Over the past few years, we have witnessed an unprecedented misinformation campaign against the TPP by ideological opponents of globalisation, which the government has as yet failed to counter.
Over the past few years, we have witnessed an unprecedented misinformation campaign against the TPP by ideological opponents of globalisation, which the government has as yet failed to counter. It has led struggling Labour leader Andrew Little to rage that the next election will be fought on the issue of “sovereignty”.
This is, to put it politely, absolutely bonkers. There is a sense in which the TPP restricts day-to-day sovereignty, as does our membership of the United Nations, the International Labour Organisation, the World Trade Organisation, the International Whaling Commission, the Nuclear Non-Proliferation Treaty, the UN Framework Convention on Climate Change and the Antarctic Treaty. In all these cases, we have made promises that there are some things we will not do. But ultimate sovereignty always remains with our Parliament, and New Zealand is able to withdraw from the TPP with six months’ notice by writing a letter to the 11 other parties. The fact we would never do so is because it will always be overwhelmingly in New Zealand’s interests to be part of the economic bloc.
Like all meaningful international agreements, the TPP provides a dispute settlement process that we agree to abide by as long as we stay in the deal. It doesn’t allow foreign corporations to sue New Zealand just because we compromise their profits. Those provisions apply only to those who have invested in New Zealand based on policy assurances we have made. Such provisions aren’t new in economic partnership agreements but New Zealand has never been sued under any of the other deals with similar rules and it is almost inconceivable we ever will be.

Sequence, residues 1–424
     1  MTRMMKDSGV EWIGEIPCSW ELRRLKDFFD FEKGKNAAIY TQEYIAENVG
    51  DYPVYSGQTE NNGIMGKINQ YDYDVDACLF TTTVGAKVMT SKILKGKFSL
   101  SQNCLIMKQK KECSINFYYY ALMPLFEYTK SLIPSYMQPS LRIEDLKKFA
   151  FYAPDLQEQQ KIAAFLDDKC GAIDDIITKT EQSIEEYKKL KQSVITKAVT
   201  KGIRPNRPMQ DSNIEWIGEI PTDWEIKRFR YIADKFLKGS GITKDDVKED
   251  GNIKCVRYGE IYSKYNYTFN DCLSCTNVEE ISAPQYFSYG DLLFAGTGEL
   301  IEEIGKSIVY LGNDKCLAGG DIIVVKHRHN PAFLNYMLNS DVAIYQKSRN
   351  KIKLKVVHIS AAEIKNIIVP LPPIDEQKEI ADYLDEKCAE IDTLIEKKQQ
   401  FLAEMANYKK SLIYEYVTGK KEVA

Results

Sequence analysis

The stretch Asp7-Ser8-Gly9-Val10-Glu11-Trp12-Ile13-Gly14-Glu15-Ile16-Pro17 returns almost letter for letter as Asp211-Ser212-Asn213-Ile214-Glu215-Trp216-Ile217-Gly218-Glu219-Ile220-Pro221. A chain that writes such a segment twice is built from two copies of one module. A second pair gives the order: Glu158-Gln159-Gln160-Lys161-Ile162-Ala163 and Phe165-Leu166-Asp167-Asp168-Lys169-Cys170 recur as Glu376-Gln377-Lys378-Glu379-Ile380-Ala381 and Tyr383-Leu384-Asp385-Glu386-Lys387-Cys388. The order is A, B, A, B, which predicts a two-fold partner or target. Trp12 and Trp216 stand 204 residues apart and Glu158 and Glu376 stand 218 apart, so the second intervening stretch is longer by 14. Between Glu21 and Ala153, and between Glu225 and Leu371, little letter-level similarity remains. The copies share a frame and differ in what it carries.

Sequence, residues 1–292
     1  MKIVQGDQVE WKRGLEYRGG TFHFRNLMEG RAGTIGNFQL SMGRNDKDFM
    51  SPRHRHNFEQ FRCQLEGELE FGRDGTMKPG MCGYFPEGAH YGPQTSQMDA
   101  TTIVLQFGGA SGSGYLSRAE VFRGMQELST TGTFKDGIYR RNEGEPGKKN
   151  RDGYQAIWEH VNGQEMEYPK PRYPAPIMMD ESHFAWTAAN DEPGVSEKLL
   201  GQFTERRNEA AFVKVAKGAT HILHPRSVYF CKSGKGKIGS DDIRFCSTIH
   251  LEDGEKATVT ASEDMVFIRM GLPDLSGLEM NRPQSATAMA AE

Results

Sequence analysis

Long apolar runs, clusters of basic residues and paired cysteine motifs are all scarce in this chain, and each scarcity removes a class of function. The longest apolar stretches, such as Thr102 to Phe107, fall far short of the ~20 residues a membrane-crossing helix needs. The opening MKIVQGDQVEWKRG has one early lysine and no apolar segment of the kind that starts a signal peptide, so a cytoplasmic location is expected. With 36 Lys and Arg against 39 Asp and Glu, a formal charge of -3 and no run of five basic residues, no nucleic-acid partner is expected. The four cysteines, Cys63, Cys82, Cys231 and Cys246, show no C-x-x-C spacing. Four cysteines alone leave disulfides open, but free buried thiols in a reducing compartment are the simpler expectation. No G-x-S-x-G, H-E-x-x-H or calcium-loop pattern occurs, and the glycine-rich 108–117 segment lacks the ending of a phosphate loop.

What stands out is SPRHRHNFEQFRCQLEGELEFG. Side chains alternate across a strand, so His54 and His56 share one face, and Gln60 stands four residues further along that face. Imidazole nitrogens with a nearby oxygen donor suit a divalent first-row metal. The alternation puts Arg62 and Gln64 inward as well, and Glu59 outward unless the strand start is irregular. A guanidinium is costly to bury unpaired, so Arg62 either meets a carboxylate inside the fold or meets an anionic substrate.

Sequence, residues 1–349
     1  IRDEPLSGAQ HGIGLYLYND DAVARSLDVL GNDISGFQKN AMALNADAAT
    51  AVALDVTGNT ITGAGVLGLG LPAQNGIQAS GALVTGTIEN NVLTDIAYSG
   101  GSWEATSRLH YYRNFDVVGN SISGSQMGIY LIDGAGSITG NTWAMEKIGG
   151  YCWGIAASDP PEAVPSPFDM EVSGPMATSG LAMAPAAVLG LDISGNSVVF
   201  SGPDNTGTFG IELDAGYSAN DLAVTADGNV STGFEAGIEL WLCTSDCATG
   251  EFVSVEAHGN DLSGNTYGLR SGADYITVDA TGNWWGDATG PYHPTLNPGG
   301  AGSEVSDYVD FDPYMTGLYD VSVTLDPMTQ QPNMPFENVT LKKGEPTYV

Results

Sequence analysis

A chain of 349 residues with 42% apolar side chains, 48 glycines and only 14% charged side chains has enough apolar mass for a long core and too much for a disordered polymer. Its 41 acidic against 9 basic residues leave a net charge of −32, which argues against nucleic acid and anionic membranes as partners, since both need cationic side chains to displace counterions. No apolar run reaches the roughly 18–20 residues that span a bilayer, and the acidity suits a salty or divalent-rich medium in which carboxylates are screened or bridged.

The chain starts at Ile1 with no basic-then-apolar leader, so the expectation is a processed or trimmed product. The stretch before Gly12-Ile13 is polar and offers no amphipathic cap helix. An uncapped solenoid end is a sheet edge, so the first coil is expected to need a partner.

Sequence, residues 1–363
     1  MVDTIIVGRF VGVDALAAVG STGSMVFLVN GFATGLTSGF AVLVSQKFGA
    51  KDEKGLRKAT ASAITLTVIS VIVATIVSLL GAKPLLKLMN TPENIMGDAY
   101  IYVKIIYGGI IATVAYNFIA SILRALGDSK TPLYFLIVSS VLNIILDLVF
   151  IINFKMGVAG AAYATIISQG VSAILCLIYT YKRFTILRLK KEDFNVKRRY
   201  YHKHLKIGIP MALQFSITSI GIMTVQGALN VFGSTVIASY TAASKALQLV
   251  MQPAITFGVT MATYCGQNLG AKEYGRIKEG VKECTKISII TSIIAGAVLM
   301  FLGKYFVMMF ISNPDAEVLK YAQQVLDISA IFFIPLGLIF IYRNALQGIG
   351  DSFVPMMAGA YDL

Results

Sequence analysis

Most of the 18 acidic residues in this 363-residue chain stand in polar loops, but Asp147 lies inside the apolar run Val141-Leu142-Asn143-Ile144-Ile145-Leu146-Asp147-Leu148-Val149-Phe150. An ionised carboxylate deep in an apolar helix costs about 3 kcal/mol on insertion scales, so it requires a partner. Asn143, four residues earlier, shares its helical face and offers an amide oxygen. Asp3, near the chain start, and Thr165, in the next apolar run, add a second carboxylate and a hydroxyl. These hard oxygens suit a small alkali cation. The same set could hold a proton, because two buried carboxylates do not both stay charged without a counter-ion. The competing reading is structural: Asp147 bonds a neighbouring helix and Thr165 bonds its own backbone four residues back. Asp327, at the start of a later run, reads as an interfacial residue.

In the TPP agreement, the rights of Maori under the Treaty of Waitangi are completely protected except in a case where a future government made obviously bogus clams: say, by banning imports of Australian bananas by asserting the Treaty of Waitangi. The operation of Pharmac remains the same, but with a new appeal process and five-year patents on new-generation biologic medicines that haven’t been invented yet.
On the tenants-in-our-own-land issue, a future government would be able to tighten Overseas Investment Office rules to restrict foreign investment in farms or anything else. People with Chinese-sounding names and other foreigners could be stopped from buying residential property in Auckland or elsewhere through new discriminatory stamp duties. The trade access gains, including for the dairy industry, are very significant and have been welcomed by exporters.
It’s perfectly OK to be against globalisation and to protest in the streets against its latest manifestation. But those whose radicalised opposition to globalisation has led them to deliberately whip up a paranoid frenzy among sections of the public are a disgrace both to themselves and the institutions that protect them.
Main image: Getty.